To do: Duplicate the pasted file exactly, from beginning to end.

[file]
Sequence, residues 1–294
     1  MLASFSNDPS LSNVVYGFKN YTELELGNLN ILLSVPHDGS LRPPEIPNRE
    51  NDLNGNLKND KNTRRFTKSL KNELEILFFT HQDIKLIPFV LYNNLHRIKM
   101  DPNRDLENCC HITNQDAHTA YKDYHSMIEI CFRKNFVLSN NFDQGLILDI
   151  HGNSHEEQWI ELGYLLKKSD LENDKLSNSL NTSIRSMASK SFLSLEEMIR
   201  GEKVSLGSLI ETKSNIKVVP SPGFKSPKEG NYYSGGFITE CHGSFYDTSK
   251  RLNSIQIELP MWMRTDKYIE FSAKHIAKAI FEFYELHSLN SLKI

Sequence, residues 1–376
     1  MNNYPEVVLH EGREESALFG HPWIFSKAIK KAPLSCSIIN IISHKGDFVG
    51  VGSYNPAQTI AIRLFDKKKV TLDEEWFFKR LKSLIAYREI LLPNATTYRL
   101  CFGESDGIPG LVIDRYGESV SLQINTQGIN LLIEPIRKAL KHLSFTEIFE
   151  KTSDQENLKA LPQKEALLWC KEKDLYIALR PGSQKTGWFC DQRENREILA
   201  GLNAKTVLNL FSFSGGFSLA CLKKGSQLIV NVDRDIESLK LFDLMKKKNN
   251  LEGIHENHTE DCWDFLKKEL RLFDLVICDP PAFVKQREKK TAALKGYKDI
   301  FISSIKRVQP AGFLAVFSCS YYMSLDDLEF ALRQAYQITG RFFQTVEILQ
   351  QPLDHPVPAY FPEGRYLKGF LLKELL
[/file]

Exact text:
Sequence, residues 1–294
     1  MLASFSNDPS LSNVVYGFKN YTELELGNLN ILLSVPHDGS LRPPEIPNRE
    51  NDLNGNLKND KNTRRFTKSL KNELEILFFT HQDIKLIPFV LYNNLHRIKM
   101  DPNRDLENCC HITNQDAHTA YKDYHSMIEI CFRKNFVLSN NFDQGLILDI
   151  HGNSHEEQWI ELGYLLKKSD LENDKLSNSL NTSIRSMASK SFLSLEEMIR
   201  GEKVSLGSLI ETKSNIKVVP SPGFKSPKEG NYYSGGFITE CHGSFYDTSK
   251  RLNSIQIELP MWMRTDKYIE FSAKHIAKAI FEFYELHSLN SLKI

Sequence, residues 1–376
     1  MNNYPEVVLH EGREESALFG HPWIFSKAIK KAPLSCSIIN IISHKGDFVG
    51  VGSYNPAQTI AIRLFDKKKV TLDEEWFFKR LKSLIAYREI LLPNATTYRL
   101  CFGESDGIPG LVIDRYGESV SLQINTQGIN LLIEPIRKAL KHLSFTEIFE
   151  KTSDQENLKA LPQKEALLWC KEKDLYIALR PGSQKTGWFC DQRENREILA
   201  GLNAKTVLNL FSFSGGFSLA CLKKGSQLIV NVDRDIESLK LFDLMKKKNN
   251  LEGIHENHTE DCWDFLKKEL RLFDLVICDP PAFVKQREKK TAALKGYKDI
   301  FISSIKRVQP AGFLAVFSCS YYMSLDDLEF ALRQAYQITG RFFQTVEILQ
   351  QPLDHPVPAY FPEGRYLKGF LLKELL